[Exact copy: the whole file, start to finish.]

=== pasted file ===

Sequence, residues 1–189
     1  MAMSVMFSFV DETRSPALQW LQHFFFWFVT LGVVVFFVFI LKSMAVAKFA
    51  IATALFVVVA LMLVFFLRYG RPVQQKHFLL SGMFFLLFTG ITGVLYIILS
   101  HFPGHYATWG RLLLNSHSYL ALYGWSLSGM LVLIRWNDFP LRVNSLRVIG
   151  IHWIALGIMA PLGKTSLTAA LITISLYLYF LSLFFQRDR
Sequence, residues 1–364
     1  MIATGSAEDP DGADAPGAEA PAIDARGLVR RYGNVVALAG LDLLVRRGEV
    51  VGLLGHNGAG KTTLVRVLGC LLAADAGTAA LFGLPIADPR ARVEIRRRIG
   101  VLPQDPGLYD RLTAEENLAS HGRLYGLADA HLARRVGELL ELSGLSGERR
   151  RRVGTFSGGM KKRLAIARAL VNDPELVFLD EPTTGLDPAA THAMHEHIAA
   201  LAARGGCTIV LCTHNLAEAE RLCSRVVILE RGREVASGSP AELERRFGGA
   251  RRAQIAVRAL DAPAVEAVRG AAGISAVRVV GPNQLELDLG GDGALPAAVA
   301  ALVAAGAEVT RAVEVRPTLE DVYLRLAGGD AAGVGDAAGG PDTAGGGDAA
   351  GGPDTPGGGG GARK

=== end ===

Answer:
Sequence, residues 1–189
     1  MAMSVMFSFV DETRSPALQW LQHFFFWFVT LGVVVFFVFI LKSMAVAKFA
    51  IATALFVVVA LMLVFFLRYG RPVQQKHFLL SGMFFLLFTG ITGVLYIILS
   101  HFPGHYATWG RLLLNSHSYL ALYGWSLSGM LVLIRWNDFP LRVNSLRVIG
   151  IHWIALGIMA PLGKTSLTAA LITISLYLYF LSLFFQRDR
Sequence, residues 1–364
     1  MIATGSAEDP DGADAPGAEA PAIDARGLVR RYGNVVALAG LDLLVRRGEV
    51  VGLLGHNGAG KTTLVRVLGC LLAADAGTAA LFGLPIADPR ARVEIRRRIG
   101  VLPQDPGLYD RLTAEENLAS HGRLYGLADA HLARRVGELL ELSGLSGERR
   151  RRVGTFSGGM KKRLAIARAL VNDPELVFLD EPTTGLDPAA THAMHEHIAA
   201  LAARGGCTIV LCTHNLAEAE RLCSRVVILE RGREVASGSP AELERRFGGA
   251  RRAQIAVRAL DAPAVEAVRG AAGISAVRVV GPNQLELDLG GDGALPAAVA
   301  ALVAAGAEVT RAVEVRPTLE DVYLRLAGGD AAGVGDAAGG PDTAGGGDAA
   351  GGPDTPGGGG GARK